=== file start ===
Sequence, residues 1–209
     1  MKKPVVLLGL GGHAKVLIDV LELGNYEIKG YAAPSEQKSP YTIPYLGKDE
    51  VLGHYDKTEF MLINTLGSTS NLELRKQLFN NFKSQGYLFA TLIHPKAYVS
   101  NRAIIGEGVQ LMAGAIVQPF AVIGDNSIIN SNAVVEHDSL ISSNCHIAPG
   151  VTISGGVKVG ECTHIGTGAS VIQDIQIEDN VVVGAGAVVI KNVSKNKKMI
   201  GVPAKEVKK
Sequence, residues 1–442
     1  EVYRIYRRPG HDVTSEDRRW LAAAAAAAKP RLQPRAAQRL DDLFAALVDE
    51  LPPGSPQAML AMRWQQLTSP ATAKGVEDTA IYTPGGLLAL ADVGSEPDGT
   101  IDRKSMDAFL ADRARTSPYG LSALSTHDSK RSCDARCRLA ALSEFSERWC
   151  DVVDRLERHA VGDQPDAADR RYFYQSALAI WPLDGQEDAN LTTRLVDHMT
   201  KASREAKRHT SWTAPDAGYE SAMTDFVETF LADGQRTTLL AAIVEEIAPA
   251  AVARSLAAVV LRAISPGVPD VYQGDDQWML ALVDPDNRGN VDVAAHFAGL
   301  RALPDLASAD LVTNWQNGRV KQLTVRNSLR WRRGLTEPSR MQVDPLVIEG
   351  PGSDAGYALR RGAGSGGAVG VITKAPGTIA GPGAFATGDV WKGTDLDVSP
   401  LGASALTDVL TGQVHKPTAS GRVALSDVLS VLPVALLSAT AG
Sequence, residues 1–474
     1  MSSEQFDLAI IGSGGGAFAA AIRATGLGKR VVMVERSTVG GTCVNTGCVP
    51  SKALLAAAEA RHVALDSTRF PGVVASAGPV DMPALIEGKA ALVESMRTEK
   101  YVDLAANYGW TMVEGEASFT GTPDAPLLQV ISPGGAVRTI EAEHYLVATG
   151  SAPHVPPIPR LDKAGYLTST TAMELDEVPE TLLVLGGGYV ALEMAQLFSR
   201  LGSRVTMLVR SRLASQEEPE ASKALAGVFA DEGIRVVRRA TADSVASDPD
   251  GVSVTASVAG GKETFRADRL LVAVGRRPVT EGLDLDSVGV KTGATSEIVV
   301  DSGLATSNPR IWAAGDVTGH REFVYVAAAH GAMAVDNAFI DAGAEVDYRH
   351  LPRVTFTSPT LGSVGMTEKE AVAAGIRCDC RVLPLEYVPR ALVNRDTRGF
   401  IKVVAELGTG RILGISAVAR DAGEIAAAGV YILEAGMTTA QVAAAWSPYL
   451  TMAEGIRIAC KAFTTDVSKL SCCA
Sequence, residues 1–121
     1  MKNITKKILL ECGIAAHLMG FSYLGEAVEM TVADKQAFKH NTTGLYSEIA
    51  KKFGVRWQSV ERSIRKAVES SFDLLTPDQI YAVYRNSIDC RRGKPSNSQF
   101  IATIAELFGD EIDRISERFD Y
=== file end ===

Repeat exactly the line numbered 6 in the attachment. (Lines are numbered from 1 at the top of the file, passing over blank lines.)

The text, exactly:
   201  GVPAKEVKK